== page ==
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Clinical Trial Summary

Surgical removal of impacted mandibular wisdom teeth is a frequent intervention, usually accompanied by unpleasant sequelae (pain, swelling and trismus) in the postoperative period, sometimes even with possibly serious complications (dry socket/alveolar osteitis and postoperative infection at the surgical site - SSI). It is therefore advisable to use various medications and procedures to prevent or alleviate the occurrence of these sequelae and complications. Accordingly, there is a debate in the literature on the expedience of perioperative (prophylactic) use of antibiotics. It is interesting that numerous articles recommending perioperative (prophylactic) antibiotic use to patients undergoing the impacted mandibular third molar surgery may be found, as well as those providing arguments for the disagreement with such an approach, considering that its benefits do not outweigh the risks of adverse side effects, especially due to growing resistance of microorganisms towards antibiotics, which is a possible serious threat to global health. Concerning the perioperative (prophylactic) use of antibiotics for this indication, consensus has not yet been reached, and neither of the views has been verified by convincing scientific evidence. Having the aforementioned dilemma in mind, the main endpoint of the study was to determine the validity of perioperative (prophylactic) use of antibiotics as to alleviate customary sequelae and possible complications after surgical removal of impacted mandibular third molars and, at the same time, the effectiveness of newer antibiotics (moxifloxacin and cefixime) when used for this purpose. Moreover, microbiological investigations of susceptibility of the isolated microorganisms to antibiotics used in this research were performed, which could verify the clinically obtained results. With this in mind, two major contributions, based on scientifically verified results, could be expected from the research: (1) confirmation or refuting the validity of perioperative (prophylactic) antibiotic use to control sequelae or complications that could follow the impacted mandibular third molar surgery; and (2) confirmation of the efficacy of fluoroquinolones (moxifloxacin) and cephalosporins (cefixime) in controlling odontogenic infections.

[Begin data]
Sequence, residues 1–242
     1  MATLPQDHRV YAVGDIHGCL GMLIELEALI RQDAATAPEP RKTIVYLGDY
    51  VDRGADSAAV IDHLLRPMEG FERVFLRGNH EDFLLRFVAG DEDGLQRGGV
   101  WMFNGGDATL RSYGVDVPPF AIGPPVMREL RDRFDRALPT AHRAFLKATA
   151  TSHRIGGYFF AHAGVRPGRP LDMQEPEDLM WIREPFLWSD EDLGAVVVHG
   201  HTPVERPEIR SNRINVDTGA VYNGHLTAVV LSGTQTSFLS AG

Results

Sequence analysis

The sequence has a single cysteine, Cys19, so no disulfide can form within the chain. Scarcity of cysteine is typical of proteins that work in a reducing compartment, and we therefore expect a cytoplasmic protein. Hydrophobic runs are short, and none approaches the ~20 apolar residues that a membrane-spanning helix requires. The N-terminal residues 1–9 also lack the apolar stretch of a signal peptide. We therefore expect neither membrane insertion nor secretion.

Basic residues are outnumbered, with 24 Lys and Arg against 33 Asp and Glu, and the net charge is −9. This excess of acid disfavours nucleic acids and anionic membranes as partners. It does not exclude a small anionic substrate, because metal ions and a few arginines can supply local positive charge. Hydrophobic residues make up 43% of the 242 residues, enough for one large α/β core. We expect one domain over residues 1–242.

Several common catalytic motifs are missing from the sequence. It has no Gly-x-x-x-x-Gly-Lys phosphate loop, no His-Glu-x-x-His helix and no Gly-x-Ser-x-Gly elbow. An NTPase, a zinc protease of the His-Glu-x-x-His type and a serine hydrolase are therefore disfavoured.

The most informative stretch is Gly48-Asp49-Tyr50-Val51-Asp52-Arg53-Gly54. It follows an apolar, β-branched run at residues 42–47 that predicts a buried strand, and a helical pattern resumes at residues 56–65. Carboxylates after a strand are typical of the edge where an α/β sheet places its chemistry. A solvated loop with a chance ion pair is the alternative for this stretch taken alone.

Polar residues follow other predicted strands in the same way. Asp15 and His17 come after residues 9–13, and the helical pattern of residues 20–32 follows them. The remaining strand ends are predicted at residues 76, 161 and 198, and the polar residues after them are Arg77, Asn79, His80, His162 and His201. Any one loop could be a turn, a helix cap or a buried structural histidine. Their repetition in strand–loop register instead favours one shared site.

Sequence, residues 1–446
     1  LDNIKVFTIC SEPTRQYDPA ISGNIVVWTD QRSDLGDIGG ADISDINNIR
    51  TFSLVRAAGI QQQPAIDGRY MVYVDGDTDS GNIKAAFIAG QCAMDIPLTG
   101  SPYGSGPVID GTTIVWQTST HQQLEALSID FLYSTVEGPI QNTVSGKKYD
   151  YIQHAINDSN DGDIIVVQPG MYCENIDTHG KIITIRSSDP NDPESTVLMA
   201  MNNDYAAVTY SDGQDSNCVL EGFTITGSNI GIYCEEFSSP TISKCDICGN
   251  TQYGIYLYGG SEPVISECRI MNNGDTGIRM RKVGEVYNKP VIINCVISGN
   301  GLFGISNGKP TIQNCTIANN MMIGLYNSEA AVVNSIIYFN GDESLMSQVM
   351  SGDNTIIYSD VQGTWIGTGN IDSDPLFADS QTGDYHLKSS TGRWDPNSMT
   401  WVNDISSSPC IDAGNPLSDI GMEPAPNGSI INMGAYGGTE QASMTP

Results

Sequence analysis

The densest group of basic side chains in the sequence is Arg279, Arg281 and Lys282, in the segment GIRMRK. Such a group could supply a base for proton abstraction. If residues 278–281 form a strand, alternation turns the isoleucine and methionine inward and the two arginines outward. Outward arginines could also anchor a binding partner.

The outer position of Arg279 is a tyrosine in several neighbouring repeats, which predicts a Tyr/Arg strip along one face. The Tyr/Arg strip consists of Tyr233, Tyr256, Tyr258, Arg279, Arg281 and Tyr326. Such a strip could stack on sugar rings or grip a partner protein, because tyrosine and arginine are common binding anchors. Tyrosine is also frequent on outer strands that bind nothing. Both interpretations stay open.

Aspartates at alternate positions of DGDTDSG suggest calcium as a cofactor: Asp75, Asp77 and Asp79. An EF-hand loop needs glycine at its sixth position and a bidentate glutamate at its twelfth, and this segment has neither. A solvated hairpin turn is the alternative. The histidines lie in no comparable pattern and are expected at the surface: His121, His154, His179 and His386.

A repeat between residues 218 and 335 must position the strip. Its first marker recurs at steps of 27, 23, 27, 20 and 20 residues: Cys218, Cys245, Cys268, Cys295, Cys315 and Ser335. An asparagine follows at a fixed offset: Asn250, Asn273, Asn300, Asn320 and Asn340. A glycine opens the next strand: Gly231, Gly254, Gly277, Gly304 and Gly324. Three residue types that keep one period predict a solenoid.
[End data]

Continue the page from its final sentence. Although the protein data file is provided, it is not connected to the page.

Clinical Trial Description